Don’t boo Mitch Trubisky when he returns to Soldier Field. That’d be petty, misguided and embarrassing.
All the exasperation of the Bears drafting should be directed at Ryan Pace. Boo him instead — if you can find him, that is.
Trubisky has been taking heat for Pace’s mistake of trading up to take him No. 2 overall in 2017 — turning down Patrick Mahomes and Deshaun Watson — ever since he got booed at a Bulls playoff game the day after the draft. But, to both his credit and his detriment, he did everything right as he tried to live up to what the Bears thought they saw in him.
That’s why no one actually hates Trubisky, neither at Halas Hall nor beyond.
He never lost support from people in the building, including the locker room, because he worked constantly. This isn’t a guy who squandered his chance through recklessness and entitlement. His shortfalls in mastering the playbook and reading defenses weren’t from a lack of trying. He was gritty. And he never dodged blame.
“You earn trust by the way you handle yourself in practice and in meetings and on the game day,” coach Matt Nagy said. “Mitch is an extremely tough individual. Really, last year, it could have been easy for him to just say, “You know what, I’m not playing anymore, I got injured and I’m done.’ And he didn’t do that. He fought back.”
Unfortunately for Trubisky, talent matters most. Jay Cutler — the gold standard for modern Bears quarterbacks, sadly — was good enough on the field that no one cared much how he acted away from it.
And now that the Bears have moved on with a more impressive talent in rookie Justin Fields, there’s no point in wallowing in Trubisky’s disappointing four-year run.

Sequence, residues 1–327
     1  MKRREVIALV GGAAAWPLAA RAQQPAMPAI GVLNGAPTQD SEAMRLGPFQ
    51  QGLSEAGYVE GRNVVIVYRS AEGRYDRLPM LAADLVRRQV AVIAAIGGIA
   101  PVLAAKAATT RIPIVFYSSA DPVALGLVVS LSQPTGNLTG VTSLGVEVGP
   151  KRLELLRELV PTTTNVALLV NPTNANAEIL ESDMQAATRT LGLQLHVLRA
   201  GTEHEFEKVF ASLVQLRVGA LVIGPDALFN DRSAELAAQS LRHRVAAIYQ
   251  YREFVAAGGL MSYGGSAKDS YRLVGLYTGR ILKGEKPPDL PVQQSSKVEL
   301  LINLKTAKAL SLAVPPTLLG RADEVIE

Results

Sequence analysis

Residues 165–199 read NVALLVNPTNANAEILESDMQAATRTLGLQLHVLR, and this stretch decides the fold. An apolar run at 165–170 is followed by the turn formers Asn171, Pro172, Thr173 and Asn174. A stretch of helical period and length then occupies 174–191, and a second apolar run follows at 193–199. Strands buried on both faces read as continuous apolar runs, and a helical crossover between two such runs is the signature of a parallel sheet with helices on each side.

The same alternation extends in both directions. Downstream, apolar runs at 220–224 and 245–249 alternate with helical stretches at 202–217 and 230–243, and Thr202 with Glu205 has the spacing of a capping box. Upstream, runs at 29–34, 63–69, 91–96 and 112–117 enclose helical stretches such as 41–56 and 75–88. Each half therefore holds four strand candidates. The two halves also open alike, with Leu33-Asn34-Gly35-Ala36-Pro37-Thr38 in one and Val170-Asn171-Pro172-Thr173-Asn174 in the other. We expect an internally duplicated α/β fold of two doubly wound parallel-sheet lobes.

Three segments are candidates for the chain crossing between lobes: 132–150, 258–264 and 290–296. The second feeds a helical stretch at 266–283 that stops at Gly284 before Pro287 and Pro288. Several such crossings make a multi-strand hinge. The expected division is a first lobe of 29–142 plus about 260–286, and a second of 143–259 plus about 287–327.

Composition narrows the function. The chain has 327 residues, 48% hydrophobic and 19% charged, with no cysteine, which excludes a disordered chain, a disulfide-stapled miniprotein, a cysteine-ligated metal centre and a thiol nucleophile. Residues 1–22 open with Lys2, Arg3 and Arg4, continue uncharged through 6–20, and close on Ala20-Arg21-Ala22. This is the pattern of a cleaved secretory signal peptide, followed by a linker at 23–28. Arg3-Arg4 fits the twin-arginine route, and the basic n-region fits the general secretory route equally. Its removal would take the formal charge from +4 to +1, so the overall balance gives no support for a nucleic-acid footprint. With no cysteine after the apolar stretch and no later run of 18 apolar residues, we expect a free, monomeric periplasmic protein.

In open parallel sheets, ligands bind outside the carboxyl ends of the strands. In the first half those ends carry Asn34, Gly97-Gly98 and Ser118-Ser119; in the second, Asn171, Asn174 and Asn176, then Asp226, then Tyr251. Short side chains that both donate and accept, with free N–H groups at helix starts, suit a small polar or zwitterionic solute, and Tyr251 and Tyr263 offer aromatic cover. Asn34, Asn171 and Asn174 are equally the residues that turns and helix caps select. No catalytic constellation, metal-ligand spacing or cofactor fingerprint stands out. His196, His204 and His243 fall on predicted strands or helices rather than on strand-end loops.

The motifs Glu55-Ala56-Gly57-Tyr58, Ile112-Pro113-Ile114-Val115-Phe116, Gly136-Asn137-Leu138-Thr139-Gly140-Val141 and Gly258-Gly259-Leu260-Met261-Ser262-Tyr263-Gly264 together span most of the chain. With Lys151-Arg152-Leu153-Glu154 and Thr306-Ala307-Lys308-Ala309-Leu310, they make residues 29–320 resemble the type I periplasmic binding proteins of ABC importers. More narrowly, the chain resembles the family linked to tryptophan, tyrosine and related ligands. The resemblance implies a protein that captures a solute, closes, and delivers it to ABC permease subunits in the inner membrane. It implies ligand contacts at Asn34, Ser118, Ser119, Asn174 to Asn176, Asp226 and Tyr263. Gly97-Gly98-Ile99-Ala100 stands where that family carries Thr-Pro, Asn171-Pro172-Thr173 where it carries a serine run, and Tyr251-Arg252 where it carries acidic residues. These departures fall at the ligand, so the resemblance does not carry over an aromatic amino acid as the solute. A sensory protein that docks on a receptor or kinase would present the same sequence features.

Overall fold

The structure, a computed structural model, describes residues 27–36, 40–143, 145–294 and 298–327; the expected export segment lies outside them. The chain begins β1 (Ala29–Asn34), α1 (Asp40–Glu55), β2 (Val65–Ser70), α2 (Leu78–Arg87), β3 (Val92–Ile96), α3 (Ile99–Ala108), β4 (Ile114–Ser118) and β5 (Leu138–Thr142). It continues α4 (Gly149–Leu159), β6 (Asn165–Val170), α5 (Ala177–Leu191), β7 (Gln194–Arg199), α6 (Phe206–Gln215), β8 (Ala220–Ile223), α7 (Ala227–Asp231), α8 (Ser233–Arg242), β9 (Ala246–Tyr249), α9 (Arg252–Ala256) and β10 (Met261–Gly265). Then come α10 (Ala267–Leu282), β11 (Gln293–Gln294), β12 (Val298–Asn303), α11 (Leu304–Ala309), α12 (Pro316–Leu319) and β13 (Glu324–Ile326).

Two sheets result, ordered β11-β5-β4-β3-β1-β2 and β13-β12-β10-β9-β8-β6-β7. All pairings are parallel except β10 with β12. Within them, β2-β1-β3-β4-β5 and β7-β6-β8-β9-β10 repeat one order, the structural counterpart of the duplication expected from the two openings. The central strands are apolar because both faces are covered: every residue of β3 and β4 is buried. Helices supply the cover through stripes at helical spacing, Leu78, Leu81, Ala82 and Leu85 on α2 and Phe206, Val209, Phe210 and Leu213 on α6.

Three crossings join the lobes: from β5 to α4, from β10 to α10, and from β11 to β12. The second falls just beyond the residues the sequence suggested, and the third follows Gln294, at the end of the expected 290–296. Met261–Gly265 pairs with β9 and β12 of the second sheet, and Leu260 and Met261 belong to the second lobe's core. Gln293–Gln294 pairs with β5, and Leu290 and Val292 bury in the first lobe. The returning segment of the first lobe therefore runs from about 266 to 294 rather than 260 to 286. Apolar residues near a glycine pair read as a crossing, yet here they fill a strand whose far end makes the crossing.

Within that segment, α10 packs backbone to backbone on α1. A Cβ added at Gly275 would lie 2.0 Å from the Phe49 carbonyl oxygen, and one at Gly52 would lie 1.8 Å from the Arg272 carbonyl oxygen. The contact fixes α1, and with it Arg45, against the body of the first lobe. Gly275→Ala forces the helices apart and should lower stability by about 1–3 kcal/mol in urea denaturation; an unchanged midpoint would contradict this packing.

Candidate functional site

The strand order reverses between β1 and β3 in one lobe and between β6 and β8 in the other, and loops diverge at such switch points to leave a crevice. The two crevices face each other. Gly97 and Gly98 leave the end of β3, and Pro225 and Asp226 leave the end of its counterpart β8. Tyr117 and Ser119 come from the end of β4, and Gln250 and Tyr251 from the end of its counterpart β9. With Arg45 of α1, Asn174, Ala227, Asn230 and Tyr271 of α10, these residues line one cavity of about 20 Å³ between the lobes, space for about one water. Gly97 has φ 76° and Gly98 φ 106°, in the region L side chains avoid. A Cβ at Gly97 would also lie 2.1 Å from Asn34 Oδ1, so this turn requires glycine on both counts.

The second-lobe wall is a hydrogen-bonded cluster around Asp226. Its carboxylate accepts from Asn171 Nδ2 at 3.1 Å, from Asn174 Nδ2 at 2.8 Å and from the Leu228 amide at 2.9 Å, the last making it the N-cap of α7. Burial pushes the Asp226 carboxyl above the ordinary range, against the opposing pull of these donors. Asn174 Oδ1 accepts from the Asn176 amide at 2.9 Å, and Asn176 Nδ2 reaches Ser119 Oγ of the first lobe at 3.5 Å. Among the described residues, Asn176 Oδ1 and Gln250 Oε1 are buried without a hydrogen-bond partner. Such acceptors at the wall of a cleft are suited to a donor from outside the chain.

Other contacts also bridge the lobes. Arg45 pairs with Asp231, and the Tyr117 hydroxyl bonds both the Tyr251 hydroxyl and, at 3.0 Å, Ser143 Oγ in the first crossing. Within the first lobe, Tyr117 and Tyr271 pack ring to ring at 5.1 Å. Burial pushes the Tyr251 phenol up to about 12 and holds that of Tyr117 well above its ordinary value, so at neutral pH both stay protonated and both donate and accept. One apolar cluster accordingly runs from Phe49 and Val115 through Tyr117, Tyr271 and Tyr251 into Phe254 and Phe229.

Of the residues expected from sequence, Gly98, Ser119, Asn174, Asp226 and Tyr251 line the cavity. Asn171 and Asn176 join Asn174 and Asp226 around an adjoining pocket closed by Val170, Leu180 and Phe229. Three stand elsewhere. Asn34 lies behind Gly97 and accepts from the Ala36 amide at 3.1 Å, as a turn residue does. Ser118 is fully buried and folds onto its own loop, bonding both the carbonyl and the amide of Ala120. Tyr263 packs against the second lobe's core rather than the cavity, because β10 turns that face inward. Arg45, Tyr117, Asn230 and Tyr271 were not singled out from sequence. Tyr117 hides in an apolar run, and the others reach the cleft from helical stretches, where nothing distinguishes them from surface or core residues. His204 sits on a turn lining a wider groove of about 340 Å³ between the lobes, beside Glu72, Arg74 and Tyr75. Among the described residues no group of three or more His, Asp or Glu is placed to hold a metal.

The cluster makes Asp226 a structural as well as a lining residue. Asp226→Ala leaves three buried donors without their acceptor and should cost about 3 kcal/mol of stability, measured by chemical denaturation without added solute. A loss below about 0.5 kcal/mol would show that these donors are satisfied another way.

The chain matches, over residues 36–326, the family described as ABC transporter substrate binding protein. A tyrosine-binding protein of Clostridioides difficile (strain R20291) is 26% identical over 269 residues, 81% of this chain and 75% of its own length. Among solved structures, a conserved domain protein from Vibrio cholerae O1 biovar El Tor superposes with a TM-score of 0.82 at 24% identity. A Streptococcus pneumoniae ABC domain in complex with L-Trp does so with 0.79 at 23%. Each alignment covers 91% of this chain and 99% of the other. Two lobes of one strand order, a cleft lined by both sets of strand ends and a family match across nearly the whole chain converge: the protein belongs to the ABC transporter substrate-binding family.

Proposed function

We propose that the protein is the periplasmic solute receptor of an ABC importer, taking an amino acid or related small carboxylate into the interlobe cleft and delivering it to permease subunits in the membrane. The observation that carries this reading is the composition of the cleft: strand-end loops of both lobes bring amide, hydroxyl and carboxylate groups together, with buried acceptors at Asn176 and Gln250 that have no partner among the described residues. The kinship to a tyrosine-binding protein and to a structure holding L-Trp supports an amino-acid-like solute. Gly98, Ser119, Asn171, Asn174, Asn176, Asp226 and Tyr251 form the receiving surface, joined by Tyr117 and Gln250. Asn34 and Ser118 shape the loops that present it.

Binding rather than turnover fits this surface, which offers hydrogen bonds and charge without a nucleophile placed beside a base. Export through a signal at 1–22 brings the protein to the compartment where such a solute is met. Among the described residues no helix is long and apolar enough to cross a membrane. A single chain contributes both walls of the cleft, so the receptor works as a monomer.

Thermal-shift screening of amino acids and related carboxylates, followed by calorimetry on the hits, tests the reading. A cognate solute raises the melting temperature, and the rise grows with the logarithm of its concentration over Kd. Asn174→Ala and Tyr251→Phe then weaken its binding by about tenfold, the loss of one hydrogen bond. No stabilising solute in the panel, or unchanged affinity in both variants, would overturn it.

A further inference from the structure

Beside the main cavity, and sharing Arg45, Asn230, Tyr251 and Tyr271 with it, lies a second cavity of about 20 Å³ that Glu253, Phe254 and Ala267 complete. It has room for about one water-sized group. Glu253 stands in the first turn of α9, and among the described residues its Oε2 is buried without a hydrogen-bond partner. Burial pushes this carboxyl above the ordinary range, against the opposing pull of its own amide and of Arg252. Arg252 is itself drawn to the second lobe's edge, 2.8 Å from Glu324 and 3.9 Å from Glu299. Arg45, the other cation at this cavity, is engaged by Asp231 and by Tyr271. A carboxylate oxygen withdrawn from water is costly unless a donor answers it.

“That’s still my guy, still my brother,” safety Eddie Jackson said. “I want the best for him and his family… He can put all this stuff behind him and prove people wrong.”
If Trubisky got the opportunity Nick Foles did a few years ago and jumped in for the Bills during the playoffs, Chicago would root for him. Obviously the Bears don’t think he’ll go on to be great, but they hope it happens for him.
And on that note, there was nothing profound about Trubisky saying last month that he sensed the organization “continuously believing in me less and less.”
That couldn’t have been more obvious. That’s exactly what’s happening when a team declines a fifth-year option, trades for a veteran at your position and benches you three games into the season. Of course the Bears lost faith. Clinging to it would’ve been delusional.
“I’m excited for him to go back to Chicago,” Bills running back Matt Breida said, “and show them they made a mistake.”
Let’s chill on that, Breida. It’s a preseason game.
Also, it will never be a mistake. Bailing on Trubisky was the smartest thing the Bears did in the entire ordeal. Regardless of whether he thrives with a new team, it wasn’t going to work out here.
Nearly everything about that boondoggle falls on Pace and Nagy.
“It would not be fair to put everything on him,” Nagy said of Trubisky. “There’s a lot of things that went into that. And I know that he’s a resilient guy and he’s going to do everything he can to have a successful career.”
Trubisky didn’t draft himself No. 2 overall, nor did he unnecessarily trade a package of picks.
Trubisky didn’t give himself a higher pre-draft grade than a future Hall of Famer in Mahomes.
Trubisky didn’t catch the Bears’ interest with his athleticism and then insist that he “win from the pocket” instead of relying on his mobility.
If anyone deserves booing, it’s not him. He did what he could. He simply wasn’t good enough. Pace is the one who should’ve known better.